How to Clean Your Closet

Close your eyes, slide the door open, and pluck 12 items randomly from left to right. Ignore the weight of your choice. You touch it, you pluck it. Ignore texture, too.
Make no conjecture about your selection. You don’t know if that silky feel is real or synthetic. This moment is your emetic. Commit to the decision at your fingertips.

Turn 180 degrees, eyes still squeezed shut and drop the garment on your bed. Use the dog’s snores as echolocation and, if you’re wrong, he’ll move, possibly on top of the discarded article. He’ll scent it with his scruffy dog odour, make it easier to give away.

Turn 180 degrees again and swish your hand along the row to the next target.

Refuse emotional attachment. No “What if it’s the dress I wore to my niece’s wedding and danced past midnight throbbing in a giant ball of 30-somethings, loosened by their exuberance and youth?” If chosen, it must go too.

Raise each piece carefully, respectfully. Remember, you bought it with the fruits of your labour. It represents your hourly wages. Gently rest it in the crook of your arm. Smooth your worry with your hand.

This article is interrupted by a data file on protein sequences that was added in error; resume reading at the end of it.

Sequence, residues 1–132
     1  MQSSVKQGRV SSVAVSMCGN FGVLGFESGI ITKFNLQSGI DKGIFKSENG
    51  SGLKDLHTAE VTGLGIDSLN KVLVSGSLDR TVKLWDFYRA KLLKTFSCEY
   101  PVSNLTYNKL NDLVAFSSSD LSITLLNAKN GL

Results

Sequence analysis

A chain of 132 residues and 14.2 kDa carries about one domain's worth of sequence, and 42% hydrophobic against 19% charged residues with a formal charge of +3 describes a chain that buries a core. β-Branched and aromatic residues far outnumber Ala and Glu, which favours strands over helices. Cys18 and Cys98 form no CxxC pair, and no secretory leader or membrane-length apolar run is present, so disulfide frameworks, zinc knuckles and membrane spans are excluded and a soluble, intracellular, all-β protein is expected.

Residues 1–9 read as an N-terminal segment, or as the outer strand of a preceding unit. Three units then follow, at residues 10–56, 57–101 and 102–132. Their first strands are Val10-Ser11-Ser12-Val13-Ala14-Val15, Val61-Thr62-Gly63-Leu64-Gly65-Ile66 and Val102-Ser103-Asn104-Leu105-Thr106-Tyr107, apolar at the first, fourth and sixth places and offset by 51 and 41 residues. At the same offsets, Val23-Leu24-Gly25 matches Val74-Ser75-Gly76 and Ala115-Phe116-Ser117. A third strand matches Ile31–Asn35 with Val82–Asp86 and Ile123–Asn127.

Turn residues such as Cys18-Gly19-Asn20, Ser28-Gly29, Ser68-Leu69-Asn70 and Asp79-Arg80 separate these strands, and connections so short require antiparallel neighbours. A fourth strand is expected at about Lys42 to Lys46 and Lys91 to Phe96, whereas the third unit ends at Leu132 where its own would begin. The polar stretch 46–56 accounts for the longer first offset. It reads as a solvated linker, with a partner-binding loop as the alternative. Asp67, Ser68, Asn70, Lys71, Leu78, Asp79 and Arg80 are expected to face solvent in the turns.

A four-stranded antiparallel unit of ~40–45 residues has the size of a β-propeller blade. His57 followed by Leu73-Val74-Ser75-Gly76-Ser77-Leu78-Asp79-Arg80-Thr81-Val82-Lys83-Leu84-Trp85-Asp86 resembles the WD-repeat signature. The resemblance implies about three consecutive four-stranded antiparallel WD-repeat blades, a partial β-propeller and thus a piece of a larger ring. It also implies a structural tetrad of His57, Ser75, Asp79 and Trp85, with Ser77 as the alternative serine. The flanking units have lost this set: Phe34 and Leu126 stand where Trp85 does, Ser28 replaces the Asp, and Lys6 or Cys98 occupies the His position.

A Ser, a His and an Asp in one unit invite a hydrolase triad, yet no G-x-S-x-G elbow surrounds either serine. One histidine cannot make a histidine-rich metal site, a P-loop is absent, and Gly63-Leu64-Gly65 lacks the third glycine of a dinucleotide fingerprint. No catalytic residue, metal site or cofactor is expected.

Be a hound. Sniff it if you want. Is that a whiff of bacon from last night’s Spaghetti Carbonara everyone groaned over? Satisfaction and success at the dinner table is a rare occasion. A pot lid lifted. “Is there more?” Oh glorious encore here on a hangar, how can I let you go?

Shove the hangars to the left. Hear the scrape of hubris. Clothes make the woman. Clothes make the woman what exactly?

Have I filled my closet to fill me? If my closet is empty what will I be? Keep going, even in the dark.

Step inside. Feel the crush of cloth, the metal rod across your throat, the danger of suffocation. There is only one way out. Take the first thing you touch and toss it over your shoulder like spilled salt into the face of the devil lurking behind you. Banish fear. Banish vanity. Banish the past.

Open the green garbage bag. Drop everything into it with your eyes closed. Take it to the nearest charity recycler. There are no serious consequences to your action. So what if nothing in your closet matches? It means this: You are matchless.